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Abel Tasman's actual vs estimated position on Dec 13th 1642.

Abel Tasman’s actual vs estimated position on Dec 13th 1642.

On December 13th 1642, Abel Tasman was nowhere near where he thought he was.

While Tasman’s Latitude was correct, his longitude estimation between Tasmania and New Zealand was wrong by over a degree.

In his journal entry for 14th December Tasman wrote something that exposed this error.

He described being so close to the coast that he could see the surf breaking, yet according to his longitude estimate he was still 150 km from the nearest land.

At noon on 14th of December Tasman also put this in his journal; “At noon Latitude observed 42° 10′, Longitude 189°3′; course kept east, sailed 12 myles. We were about 2 myles off the coast.” (a Dutch ‘myle’ is one fifteenth of a degree of latitude, or 7.4km).

This allows us to reconstruct exactly where he was at noon on Dec 13th.

Abel Tasman's actual vs estimated position on Dec 13th 1642.

Abel Tasman’s actual vs estimated position on Dec 13th 1642.

He was 2 myles off the coast, and had sailed directly east 12 myles since the previous day… and for that day, Tasman had been able to make a sighting of the midday sun; and he recorded an ‘observed’ latitude 42° 10’s.

At midday on December 13th 1642, Abel Tasman was in the latitude 42° 10’s, 104 km off the coast, and heading south east towards ‘large, high-lying land’. The land was ‘at about 15 myles distance’; approximately 110 km.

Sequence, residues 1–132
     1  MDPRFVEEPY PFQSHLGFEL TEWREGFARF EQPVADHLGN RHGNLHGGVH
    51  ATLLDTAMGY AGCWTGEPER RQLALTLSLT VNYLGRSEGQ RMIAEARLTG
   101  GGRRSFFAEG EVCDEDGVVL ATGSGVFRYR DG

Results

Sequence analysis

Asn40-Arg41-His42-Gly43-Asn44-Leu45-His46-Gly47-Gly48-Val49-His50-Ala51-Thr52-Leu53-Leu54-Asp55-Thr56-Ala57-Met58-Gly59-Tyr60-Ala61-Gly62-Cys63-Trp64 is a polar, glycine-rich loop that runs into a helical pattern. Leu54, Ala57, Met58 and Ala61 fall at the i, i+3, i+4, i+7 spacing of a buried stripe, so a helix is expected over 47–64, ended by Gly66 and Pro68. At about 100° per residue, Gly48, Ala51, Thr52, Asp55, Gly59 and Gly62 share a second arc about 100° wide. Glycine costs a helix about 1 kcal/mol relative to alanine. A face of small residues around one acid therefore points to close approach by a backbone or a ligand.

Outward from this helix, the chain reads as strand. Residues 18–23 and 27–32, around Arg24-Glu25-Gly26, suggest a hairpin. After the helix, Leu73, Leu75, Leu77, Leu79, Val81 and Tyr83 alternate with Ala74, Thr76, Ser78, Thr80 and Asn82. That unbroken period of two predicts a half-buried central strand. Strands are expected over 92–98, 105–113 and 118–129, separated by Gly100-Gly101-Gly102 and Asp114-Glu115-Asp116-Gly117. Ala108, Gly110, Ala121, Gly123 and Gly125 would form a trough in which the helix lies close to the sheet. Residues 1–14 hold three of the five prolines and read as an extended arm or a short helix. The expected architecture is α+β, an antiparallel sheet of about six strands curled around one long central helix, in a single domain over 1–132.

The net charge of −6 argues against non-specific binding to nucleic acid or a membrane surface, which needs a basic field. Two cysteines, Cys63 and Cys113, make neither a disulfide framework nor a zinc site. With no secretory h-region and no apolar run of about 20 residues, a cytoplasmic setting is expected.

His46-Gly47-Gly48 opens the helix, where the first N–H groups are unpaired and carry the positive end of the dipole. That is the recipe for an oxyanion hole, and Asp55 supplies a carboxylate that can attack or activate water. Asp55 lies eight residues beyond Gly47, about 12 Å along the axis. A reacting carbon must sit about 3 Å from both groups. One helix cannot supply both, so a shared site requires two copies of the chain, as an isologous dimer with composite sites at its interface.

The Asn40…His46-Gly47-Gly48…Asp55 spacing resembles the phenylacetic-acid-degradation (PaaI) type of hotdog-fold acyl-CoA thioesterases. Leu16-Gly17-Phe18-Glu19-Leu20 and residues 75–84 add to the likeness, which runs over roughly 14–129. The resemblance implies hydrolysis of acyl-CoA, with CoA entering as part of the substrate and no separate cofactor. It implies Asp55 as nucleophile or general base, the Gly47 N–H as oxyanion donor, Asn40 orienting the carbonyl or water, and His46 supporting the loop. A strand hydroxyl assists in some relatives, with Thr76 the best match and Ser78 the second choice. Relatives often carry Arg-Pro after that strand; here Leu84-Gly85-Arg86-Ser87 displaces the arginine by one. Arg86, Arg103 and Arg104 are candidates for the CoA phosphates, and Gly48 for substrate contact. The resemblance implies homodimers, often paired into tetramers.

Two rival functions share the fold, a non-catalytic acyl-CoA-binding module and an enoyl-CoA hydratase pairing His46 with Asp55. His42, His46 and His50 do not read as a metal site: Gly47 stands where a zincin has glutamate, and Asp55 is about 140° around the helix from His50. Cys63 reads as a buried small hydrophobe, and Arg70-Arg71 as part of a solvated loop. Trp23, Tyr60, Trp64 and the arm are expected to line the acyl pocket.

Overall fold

So what was the high land had had seen and was sailing towards?

This analysis shows which land was visible to Tasman from his location at noon.

Geographic analysis of the land visible to Abel Tasman from his noon position on Dec 13th.

Geographic analysis showing the land visible to Abel Tasman from his noon position on Dec 13th.

The peaks nearer the coast, Mt Camelback and Mt Grahem were visible to him, but at 561m and 828m respectively they were very low on his horizon and most likely lost in the surface haze.

Most of his skyline was formed by the line of peaks in the middle distance; Cairn Peak (1,859), Mt Reeves (1,783m), Mt O’Connor (1,815m) and Mt Bowen (1,985). Tasman wrote that he saw land about 15 myles away, and this line of peaks is 17 ½ myles from his noon position.

The distant skyline filled the gaps between these peaks and comprises mountains at the northern end of the Southern Alps, including Mt Murchison (2,400m) and Urquarts Peak (2,118m). These peaks form a slightly higher horizon, but are further away; nearly 20 ‘myles’.

Abel Tasman could have seen the biggest peaks in the Southern Alps; Mt Cook and Mt Tasman. They were well above his horizon, and even though Mt Cook (3754m) was 160 km away, it’s perfectly possible to see it from this distance in favourable conditions.

Mount Cook seen from  Fourteen Mile beach, 140km away

Mount Cook seen from Fourteen Mile beach, 140km away

From his actual position on 13th December he could have seen Mt Cook and Mt Tasman; the biggest peaks in the Southern Alps, but he could not have seen them to his south east. If he had seen them, he would have recorded seeing them to his south-south-west.

When Tasman saw a ‘large, high-lying land’, he was not looking at that snow capped peak that now bears his name, but at Mount O’Connor, Mount Reeves, and Cairn Peak.

The first 'high land' that Abel Tasman saw.

The first ‘high-lying land’ that Abel Tasman saw.

This, is the ‘high-lying land’ that was seen by Abel Tasman.

The main peak appearing south east of Abel Tasman on Dec 13th 1642 was Mt O’Connor, 1,815m.

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